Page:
The Jayhawks: "We Were Never of the Moment and We May Never Be"
JPG: Now, I know as a writer I can look back at something I did and think, ‘Wow! I really had it that day…’ or ‘If I had one more edit I could have changed that sentence around or…’ Going back to these albums what is your view of them now?
GL: I guess I don’t have that feeling. I have a feeling of a magical time. It was difficult, it wasn’t easy. I think of Los Angeles. I think of [producer] George Drakoulias. I think of great studios and us rising to the occasion. I don’t look at anything and say, ‘God, I wish I would have done it differently with those records.’ I really don’t.
JPG: I guess you see film directors who have that mentality, putting out different editions or as one major example George Lucas who added things to his original Star Wars films.
GL: Well, maybe. I must say that I don’t sit and listen to my stuff at all. Maybe, it would be different if I sat around and listened to my own stuff and criticized…there’s certainly things that I would sing differently… But we had our moment and we seized it and I think we did the right thing. I’m a believer of this mentality is that was then and this is now. That was the moment and you don’t sit back and rework everything over and over again. You move on to the next thing. That’s always been our trait, especially me and Olson as far as songwriting. ‘Well, we wrote that let’s go to the next song and not think about how we can rewrite the last song.’ You shouldn’t pick apart things and go, ‘Oh, I wish we had done that slightly differently.’ In general, I look forward and I don’t look backwards.
JPG: The “Mystery Demos” disc on the “Tomorrow” expanded edition. Now, you could have just put a live performance on there, say the ’85 show that’s now available at your website, or something from the tour supporting Tomorrow the Green Grass, why put these particular tracks out?
GL: Well, for one thing we have a million of those live shows. I have everything. There’s practice, almost every radio show. There’s a treasure trove of things we did. There’s just something special about the “Mystery Demos.” It was just the purity of the two of us singing together and playing our songs. Most of ‘em are take one. I love that. We’re just trying to get things down so we can listen and evaluate what we had. Because we weren’t really thinking about it too much as a recording it became a beautiful recording just like the songwriting. When you come in the back door you don’t think about it too hard. Things happen. It’s when you start thinking about things that things start going wrong. There’s something about that it was like a record. It was nicely recorded, stripped down, and there’s a purity of what we were about — the songwriting and the two voices at the time.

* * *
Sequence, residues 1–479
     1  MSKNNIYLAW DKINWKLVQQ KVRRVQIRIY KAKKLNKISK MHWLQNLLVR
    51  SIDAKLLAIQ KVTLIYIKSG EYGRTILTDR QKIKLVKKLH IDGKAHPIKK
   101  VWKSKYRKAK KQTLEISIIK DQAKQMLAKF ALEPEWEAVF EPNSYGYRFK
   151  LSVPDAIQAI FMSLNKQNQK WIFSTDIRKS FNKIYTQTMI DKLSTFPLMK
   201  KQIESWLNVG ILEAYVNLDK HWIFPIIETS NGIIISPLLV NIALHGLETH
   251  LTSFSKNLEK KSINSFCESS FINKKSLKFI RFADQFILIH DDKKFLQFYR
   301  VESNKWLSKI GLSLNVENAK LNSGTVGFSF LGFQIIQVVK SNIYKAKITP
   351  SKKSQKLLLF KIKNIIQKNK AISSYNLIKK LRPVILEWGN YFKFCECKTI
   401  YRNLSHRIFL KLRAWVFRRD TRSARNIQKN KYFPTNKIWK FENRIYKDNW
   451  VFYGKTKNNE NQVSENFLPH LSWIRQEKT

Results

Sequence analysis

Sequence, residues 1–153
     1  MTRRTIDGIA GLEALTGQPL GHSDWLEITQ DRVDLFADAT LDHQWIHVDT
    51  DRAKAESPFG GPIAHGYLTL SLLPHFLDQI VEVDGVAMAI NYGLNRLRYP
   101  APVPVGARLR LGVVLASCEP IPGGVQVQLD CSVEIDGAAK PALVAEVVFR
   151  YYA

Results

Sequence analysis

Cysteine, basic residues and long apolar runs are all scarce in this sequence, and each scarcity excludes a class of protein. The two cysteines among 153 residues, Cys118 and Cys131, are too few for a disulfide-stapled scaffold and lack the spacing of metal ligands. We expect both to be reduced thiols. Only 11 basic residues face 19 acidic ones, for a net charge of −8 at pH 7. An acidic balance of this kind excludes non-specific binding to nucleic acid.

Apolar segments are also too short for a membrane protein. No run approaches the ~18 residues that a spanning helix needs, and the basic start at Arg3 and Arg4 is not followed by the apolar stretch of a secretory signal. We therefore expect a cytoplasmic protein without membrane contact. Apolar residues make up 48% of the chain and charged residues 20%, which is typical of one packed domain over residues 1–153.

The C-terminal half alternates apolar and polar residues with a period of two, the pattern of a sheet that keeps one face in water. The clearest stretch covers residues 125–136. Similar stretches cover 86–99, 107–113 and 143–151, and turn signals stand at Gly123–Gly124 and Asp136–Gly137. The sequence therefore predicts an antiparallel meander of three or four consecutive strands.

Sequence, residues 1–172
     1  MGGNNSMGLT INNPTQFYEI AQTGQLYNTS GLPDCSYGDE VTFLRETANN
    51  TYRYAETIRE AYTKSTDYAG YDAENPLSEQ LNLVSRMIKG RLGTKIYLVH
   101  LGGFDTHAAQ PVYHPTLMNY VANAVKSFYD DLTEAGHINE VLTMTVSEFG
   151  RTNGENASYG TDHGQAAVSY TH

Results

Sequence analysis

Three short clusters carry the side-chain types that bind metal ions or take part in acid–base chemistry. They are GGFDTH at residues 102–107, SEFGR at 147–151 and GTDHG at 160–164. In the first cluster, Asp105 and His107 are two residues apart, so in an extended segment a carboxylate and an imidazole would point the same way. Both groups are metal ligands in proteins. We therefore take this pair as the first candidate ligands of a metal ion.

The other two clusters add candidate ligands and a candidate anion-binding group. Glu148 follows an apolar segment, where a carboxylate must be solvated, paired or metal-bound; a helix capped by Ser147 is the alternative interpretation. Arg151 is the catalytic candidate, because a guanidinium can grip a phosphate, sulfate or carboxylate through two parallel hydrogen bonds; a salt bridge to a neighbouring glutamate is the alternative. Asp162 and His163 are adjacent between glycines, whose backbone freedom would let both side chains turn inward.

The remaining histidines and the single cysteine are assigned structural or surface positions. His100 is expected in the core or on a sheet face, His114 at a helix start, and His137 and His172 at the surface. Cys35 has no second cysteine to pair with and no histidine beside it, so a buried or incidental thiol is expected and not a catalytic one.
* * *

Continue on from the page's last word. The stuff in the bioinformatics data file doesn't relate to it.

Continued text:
JPG: When you originally got together with Mark…by the way I’m wondering if the story I read on the internet is true where it said that you attended an early Jayhawks show, which had Mark and Marc [Pearlman], and afterwards you and Mark Olson had a long discussion, which led to you being invited to join the band.
GL: You can go back further to when we were both in rockabilly bands. There was a bit of a rockabilly scene in the early ‘80s in Minneapolis. I was in the band called Safety Last, and Mark was in Stagger Lee. It’s kind of a boring story but our bass player wanted to move on to acoustic and be lead singer and Olson came stumbling down my steps with his giant standup bass and auditioned for my rockabilly band. And that’s how I met him.
From there I got to know Mark. The scene was pretty tight back then. I knew Olson and Olson knew me. I just ran into him late night at the Embers, a Perkins kind of place. He was having a coffee and an omelet, and he said, ‘My band’s playing down at the Uptown on Thursday. Do you wanna come down?’ I came down but I missed the show. They were packing up and coming off the stage. They came up to me and said, ‘We’re looking for a guitar player, do you know anybody…like you ?’ Well, they didn’t say that but it was kind of like looking at me. So, two weeks after the band started I joined the band.
JPG: Because everyone focuses on the harmonies between you and Mark, did you have any idea that your voices would link up that way or did it take a rehearsal or two or a particular song?
GL: No, it took a few years really. I remember my mentality back then was just like, ‘I just want to play guitar.’ I was kind of a seasoned touring dude even though I didn’t tour that much but compared to everyone else I had been out on the road. So, I was like, ‘I want to play guitar and kick back.’ Olson was on fire as far as cranking out songs. I just didn’t think in that duo vocal kind of thing. We did a little bit of it on the first record. But it was really after the first record that we fell into our own style. We started off as like a punk rock folk Woody Guthrie band, fast and loud folk songs and country songs. Then, our voices sounded good together and started writing together. So that was post-first record. “Blue Earth” started it, and then post-“Blue Earth” we really got into it.
JPG: At that time bands that were countryish punk, wasn’t that the cowpunk style of the late ‘80s?
GL: Yeah, we weren’t really cowpunk. There was some of that going on. We never really fit into any…We never fit in then, and we don’t fit in now in any particular style.
JPG: You’re on an island of your own making.
GL: I believe so. It works for longevity. It doesn’t work so much for the quick rise. The quicker the rise the quicker the fall down.